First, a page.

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China's former Chongqing Municipality Communist Party Secretary Bo Xilai (R) and his son Bo Guagua stand in front of a picture of his father Bo Yibo, former vice-chairman of the Central Advisory Commission of the Communist Party of China, at a mourning hall in Beijing in this January 18, 2007 file photo.Reuters/Reuters

Of all the eye-popping questions sparked by the spectacular downfall of Bo Xilai, two in particular have captivated the free world's tabloids and China's intrepid microbloggers.

How could Mr. Bo put his son through an exclusive British boarding school, Oxford and Harvard on his official Communist Party salary of about $19,000 (U.S.) a year?

And where did the now 24-year-old Bo Guagua get that Ferrari?

The answers came from an unexpected source on Wednesday as the younger Mr. Bo apparently took it upon himself to clear things up in a statement to The Harvard Crimson, the august university's student newspaper.

Though the Crimson also said it spoke to Mr. Bo by phone, some posters on the newspaper's website doubted the authenticity of the statement, suggesting it was the work of Communist Party officials. Mr. Bo has not been seen on campus for days.

In the statement, Mr. Bo insisted his living expenses and tuition during more than a decade spent at Britain's Harrow School, Oxford University and Harvard University's Kennedy School of Government "were funded exclusively…by scholarships earned independently, and my mother's generosity from the savings she earned from her years as a successful lawyer and writer."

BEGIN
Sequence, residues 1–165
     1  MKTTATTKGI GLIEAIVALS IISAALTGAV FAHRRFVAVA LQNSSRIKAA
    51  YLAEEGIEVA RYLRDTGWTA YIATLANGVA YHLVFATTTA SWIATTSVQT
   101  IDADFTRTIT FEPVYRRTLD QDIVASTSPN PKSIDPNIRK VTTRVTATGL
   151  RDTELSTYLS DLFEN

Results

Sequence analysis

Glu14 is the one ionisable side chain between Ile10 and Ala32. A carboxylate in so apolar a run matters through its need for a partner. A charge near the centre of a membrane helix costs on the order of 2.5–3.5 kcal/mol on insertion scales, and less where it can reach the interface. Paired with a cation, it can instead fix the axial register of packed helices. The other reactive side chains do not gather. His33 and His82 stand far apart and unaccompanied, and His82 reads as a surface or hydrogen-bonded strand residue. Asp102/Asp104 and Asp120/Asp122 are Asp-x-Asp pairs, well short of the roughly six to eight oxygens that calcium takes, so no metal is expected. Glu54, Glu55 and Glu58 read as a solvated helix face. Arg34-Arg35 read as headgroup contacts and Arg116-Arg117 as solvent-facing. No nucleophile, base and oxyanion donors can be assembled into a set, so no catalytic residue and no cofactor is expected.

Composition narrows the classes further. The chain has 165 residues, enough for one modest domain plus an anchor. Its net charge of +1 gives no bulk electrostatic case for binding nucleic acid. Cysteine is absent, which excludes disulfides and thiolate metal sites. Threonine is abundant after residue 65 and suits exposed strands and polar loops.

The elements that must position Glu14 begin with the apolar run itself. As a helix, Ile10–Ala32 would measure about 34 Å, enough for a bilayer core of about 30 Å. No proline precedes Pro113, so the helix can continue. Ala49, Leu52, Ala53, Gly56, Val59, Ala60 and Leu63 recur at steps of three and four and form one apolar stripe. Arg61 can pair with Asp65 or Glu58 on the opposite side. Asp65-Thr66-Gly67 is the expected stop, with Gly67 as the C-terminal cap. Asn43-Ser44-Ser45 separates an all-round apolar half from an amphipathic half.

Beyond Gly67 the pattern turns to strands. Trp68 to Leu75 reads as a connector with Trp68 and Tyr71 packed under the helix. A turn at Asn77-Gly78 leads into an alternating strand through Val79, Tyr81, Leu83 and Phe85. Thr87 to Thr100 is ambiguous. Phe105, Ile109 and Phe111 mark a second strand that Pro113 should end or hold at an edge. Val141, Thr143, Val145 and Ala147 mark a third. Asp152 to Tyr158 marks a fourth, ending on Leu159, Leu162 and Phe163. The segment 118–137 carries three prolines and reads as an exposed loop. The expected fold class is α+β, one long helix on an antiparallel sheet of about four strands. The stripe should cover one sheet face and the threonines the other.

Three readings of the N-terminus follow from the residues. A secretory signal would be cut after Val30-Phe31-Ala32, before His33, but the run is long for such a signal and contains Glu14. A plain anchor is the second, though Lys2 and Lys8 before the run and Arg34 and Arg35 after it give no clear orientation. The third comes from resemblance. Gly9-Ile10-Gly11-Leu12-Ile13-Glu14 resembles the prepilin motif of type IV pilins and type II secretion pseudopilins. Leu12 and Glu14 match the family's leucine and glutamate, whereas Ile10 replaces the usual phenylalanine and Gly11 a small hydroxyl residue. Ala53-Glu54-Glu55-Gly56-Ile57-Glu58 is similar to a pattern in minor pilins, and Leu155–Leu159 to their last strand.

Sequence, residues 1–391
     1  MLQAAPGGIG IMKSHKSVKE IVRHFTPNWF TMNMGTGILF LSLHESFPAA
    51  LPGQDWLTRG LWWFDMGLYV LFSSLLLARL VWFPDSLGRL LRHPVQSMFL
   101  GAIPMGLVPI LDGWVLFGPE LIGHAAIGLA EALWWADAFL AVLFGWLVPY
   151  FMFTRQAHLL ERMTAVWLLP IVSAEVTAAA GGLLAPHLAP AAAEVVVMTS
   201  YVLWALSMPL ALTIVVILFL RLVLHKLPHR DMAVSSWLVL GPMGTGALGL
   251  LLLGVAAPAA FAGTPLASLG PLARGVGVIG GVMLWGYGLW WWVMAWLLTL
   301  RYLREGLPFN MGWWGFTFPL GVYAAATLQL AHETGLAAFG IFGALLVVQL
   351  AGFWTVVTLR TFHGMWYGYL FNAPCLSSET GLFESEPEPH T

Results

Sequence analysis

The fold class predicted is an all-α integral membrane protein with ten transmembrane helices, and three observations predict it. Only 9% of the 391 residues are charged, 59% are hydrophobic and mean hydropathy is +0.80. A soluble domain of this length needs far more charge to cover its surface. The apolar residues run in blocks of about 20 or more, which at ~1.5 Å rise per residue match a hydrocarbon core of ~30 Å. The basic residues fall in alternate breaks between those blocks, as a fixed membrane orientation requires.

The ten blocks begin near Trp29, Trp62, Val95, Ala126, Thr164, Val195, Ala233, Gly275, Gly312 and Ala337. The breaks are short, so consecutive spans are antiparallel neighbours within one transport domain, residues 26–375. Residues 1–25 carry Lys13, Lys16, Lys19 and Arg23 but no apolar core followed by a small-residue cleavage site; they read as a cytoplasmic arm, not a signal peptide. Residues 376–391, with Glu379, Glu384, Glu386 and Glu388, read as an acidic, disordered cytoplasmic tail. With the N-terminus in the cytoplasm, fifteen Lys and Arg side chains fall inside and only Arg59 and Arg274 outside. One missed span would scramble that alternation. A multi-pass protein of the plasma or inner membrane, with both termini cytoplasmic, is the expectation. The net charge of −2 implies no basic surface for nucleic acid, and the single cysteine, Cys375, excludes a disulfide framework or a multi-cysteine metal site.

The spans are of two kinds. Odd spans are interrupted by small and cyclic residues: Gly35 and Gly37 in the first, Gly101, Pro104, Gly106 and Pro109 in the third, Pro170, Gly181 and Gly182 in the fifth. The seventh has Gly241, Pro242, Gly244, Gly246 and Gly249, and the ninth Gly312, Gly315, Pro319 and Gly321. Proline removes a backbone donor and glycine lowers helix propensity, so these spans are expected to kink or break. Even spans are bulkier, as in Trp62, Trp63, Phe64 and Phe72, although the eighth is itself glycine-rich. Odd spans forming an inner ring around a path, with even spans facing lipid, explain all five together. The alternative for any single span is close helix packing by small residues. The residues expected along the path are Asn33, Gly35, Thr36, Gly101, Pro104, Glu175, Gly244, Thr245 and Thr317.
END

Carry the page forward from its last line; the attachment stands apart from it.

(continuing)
Mr. Bo's mother, Gu Kailai, is facing a long prison sentence and potentially the death penalty as a suspect implicated in the murder of British businessman Neil Heywood, the man who reportedly used his connections to help her son earn a spot at Harrow.

Bo Xilai, the ousted mayor of Chongqing and ex-Politburo member, faces a similar fate to that of his wife. The plot surrounding his incredible rise and fall took another twist Thursday amid reports that the elder Mr. Bo spied on top Chinese officials, including President Hu Jintao.

As for that Ferrari, unauthenticated photographs of which have popped up on countless websites, Bo Guagua insisted it is not his.

"I have never driven a Ferrari," he said in his statement to The Crimson.

He did, however, give a lift in Beijing to Mary Anne Huntsman, the now 27-year-old daughter of former U.S. ambassador to China Jon Huntsman. But Ms. Huntsman's sister, Abigail, told The New York Times that she did not know what kind of car Mr. Bo drove.

Mr. Bo, who is not accused of any crime, may be paying the price for his parents' alleged sins as the media and internet in the United States, Britain and China light up with detailed reports of his playboy lifestyle and middling academic performance.

Photos of Mr. Bo with girls on his arms, peeing in public as part of a prank with schoolmates and sporting expensive-looking dinner jackets have become fodder for deep discussions about the meaning of the scandal implicating his now infamous family.

A photo purportedly of the inside of Mr. Bo's Boston apartment, however, shows him to have much in common with his American buddies when it comes to housekeeping. The whiskey bottle, pantyhose and Star Wars paraphernalia spotted in the mess would hardly seem out of place in any American dorm.

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